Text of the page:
It can or it can be a sign of an on-going lameness. If you are seeing a chronic lameness you need to have a good exam performed and talk to your vet about options. Leaving certain things untreated can allow for faster progression.
Yes, club feet cause lameness.
A clubbed foot it a contracted tendon, meaning that the leg with the club will not be able to reach as far. The un-evenness in the stride and musculature will cause lameness because generally there is more stress placed on the club. The actual hoof will also be a size or two smaller than the other, and a different shape. This imbalance also leads to damage resulting in lameness.
I do not suggest ever buying a horse with a club foot unless it is for very light work. The horse will most likely not be able to compete or put up with strains of being ridden for long periods of time in hard work, or on uneven ground.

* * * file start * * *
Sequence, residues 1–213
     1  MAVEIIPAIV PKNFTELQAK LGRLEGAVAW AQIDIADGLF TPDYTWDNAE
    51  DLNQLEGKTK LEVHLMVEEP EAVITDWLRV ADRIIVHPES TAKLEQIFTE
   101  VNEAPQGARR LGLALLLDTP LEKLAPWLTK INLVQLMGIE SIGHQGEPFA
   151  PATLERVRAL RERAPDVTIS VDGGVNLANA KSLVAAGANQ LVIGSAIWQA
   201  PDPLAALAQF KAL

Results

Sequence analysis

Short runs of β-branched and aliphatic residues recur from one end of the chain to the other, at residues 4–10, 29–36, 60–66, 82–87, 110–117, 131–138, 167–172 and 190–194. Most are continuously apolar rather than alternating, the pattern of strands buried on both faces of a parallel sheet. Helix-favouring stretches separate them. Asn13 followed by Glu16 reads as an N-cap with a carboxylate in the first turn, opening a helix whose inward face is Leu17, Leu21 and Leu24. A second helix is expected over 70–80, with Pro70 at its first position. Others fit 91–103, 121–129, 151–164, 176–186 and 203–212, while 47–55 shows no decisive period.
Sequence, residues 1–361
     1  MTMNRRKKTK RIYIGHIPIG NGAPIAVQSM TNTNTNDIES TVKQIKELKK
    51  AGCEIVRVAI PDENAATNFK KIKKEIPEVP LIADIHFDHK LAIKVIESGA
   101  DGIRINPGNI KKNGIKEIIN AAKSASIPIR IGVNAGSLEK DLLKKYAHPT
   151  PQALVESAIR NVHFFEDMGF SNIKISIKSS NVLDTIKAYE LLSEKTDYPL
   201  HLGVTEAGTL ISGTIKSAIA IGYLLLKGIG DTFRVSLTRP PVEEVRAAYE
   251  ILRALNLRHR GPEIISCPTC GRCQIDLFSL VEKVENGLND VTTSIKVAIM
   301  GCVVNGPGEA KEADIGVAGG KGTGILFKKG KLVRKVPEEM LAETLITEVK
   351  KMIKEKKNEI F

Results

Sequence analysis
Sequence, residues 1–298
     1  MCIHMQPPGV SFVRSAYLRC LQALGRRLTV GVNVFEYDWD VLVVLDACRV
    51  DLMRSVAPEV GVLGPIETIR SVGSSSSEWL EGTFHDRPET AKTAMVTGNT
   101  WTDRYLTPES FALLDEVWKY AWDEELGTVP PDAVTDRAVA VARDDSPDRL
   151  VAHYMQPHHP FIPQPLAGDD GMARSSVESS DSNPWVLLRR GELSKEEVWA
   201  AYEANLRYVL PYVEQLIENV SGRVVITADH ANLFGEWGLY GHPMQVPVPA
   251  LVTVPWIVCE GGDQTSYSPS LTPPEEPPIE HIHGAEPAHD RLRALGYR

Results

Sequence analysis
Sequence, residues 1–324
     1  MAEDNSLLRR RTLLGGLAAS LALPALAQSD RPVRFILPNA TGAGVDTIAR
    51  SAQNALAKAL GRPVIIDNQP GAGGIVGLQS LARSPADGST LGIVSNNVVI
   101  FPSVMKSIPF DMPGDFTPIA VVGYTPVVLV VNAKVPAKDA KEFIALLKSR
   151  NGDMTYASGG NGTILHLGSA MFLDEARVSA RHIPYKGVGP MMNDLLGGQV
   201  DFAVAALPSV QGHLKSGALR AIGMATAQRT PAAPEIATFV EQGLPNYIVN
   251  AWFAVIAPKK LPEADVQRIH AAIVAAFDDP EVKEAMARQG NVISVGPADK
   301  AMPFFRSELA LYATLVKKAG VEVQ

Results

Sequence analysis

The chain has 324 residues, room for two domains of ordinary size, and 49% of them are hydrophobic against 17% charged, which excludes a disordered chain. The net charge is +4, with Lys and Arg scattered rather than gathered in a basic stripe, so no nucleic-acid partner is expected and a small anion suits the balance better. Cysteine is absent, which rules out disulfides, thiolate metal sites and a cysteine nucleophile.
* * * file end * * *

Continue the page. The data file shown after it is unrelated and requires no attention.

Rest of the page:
The best way to tell how bad the club is and how much damage has already been done is to build a small ramp about the size of the horse's hoof that is raised about 1/4" or 1/2" in the back. Stand the horse's club foot on this for 30 seconds or 1 minute and then immediately trot away on solid ground. A sound horse will show no visible lameness, a clubbed horse will trot off with a varying degree of lameness dependig on the severity of the club.
A less severe club can be managed by farrier work and stratgic conditioning. More severe clubs generally pasture-bind the horse.
I have heard that taking a horse with a club foot out for long endurance type rides on varying terrain and the horse will naturally stretch its tendons back out to where they should be. I guy from riding club swore that was how he cured his horse from club foot. He then also changed where he was boarding his horse to an open paddock where the horse could run 24/7.